The Pirbright Institute publication directory contains details of selected publications written by our researchers.

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Morgan S B, Holzer B, Hemmink J D, Salguero F J, Schwartz J C, Agatic G, Cameroni E, Guarino B, Porter E, Rijal P, Townsend A, Charleston B, Corti D, Tchilian E (2018)

Therapeutic administration of broadly neutralizing FI6 antibody reveals lack of interaction between human IgG1 and pig Fc receptors

Frontiers in Immunology 9, 865


Influenza virus infection is a significant global health threat. Because of the lack of cross-protective universal vaccines, short time window during which antivirals are effective and drug resistance, new therapeutic anti-influenza strategies are required. Broadly, cross-protective antibodies that target conserved sites in the hemagglutinin (HA) stem region have been proposed as therapeutic agents. FI6 is the first proven such monoclonal antibody to bind to H1-H16 and is protective in mice and ferrets. Multiple studies have shown that Fc-dependent mechanisms are essential for FI6 in vivo efficacy. Here, we show that therapeutic administration of FI6 either intravenously or by aerosol to pigs did not reduce viral load in nasal swabs or broncho-alveolar lavage, but aerosol delivery of FI6 reduced gross pathology significantly. We demonstrate that pig Fc receptors do not bind human IgG1 and that FI6 did not mediate antibody-dependent cytotoxicity (ADCC) with pig PBMC, confirming that ADCC is an important mechanism of protection by anti-stem antibodies in vivo. Enhanced respiratory disease, which has been associated with pigs with cross-reactive non-neutralizing anti-HA antibodies, did not occur after FI6 administration. Our results also show that in vitro neutralizing antibody responses are not a robust correlate of protection for the control of influenza infection and pathology in a natural host model.

Calvo-Pinilla E, Gubbins S, Mertens P, Ortego J, Castillo-Olivares J (2018)

The immunogenicity of recombinant vaccines based on Modified Vaccinia Ankara (MVA) viruses expressing African horse sickness virus VP2 antigens depends on the levels of expressed VP2 protein delivered to the host

Antiviral Research 154, 132-139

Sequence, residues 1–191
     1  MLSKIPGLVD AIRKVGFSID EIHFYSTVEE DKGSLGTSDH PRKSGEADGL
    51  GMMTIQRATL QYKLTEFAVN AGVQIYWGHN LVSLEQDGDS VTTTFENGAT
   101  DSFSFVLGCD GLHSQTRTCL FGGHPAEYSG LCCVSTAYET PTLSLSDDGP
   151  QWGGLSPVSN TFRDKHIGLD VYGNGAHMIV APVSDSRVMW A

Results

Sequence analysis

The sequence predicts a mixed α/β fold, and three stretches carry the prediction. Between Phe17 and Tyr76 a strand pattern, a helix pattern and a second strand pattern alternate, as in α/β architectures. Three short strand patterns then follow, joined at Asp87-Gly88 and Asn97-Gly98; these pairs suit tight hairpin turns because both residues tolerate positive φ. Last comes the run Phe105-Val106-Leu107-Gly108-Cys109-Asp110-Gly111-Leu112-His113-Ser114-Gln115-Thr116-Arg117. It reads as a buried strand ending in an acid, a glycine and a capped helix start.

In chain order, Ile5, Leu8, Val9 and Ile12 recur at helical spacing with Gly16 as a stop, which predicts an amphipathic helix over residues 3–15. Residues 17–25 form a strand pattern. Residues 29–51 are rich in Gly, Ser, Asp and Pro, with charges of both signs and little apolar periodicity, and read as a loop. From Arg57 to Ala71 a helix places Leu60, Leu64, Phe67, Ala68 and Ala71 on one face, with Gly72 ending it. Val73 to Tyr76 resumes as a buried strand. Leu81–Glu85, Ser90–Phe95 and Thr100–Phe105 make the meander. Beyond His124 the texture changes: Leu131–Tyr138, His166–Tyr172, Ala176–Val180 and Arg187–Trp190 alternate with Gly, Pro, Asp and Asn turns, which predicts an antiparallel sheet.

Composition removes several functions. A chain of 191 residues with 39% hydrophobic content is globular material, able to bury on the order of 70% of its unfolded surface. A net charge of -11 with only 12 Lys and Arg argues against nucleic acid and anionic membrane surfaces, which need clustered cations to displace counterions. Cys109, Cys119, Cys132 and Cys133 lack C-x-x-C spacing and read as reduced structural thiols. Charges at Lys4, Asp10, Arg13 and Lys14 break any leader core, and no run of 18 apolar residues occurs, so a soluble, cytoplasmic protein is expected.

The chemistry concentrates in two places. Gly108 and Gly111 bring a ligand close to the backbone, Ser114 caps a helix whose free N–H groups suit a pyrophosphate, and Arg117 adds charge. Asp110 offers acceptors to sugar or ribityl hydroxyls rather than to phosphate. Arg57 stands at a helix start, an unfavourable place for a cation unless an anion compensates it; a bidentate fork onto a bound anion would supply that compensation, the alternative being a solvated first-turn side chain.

African horse sickness (AHS) is a lethal equine disease transmitted by Culicoides biting midges and caused by African horse sickness virus (AHSV). AHS is endemic to sub-Saharan Africa, but devastating outbreaks have been recorded periodically outside this region. The perceived risk of an AHS outbreak occurring in Europe has increased following the frequent epidemics caused in ruminants by bluetongue virus, closely related to AHSV. Attenuated vaccines for AHS are considered unsuitable for use in non-endemic countries due bio-safety concerns. Further, attenuated and inactivated vaccines are not compatible with DIVA (differentiate infected from vaccinated animals) strategies. All these factors stimulated the development of novel AHS vaccines that are safer, more efficacious and DIVA compatible. We showed previously that recombinant modified Vaccinia Ankara virus (MVA) vaccines encoding the outer capsid protein of AHSV (AHSV-VP2) induced virus neutralising antibodies (VNAb) and protection against AHSV in a mouse model and also in the horse. Passive immunisation studies demonstrated that immunity induced by MVA-VP2 was associated with pre-challenge VNAb titres in the vaccinates. Analyses of the inoculum of these MVA-VP2 experimental vaccines showed that they contained pre-formed AHSV-VP2. We continued studying the influence of pre-formed AHSV-VP2, present in the inoculum of MVA-VP2 vaccines, in the immunogenicity of MVA-VP2 vaccines. Thus, we compared correlates of immunity in challenged mice that were previously vaccinated with: a) MVA-VP2 (live); b) MVA-VP2 (live and sucrose gradient purified); c) MVA-VP2 (UV light inactivated); d) MVA-VP2 (UV light inactivated and diluted); e) MVA-VP2 (heat inactivated); f) MVA-VP2 (UV inactivated) + MVA-VP2 (purified); g) MVA-VP2 (heat inactivated) + MVA-VP2 (purified); and h) wild type-MVA (no insert). The results of these experiments showed that protection was maximal using MVA-VP2 (live) vaccine and that the protection conferred by all other vaccines correlated strongly with the levels of pre-formed AHSV-VP2 in the vaccine inoculum.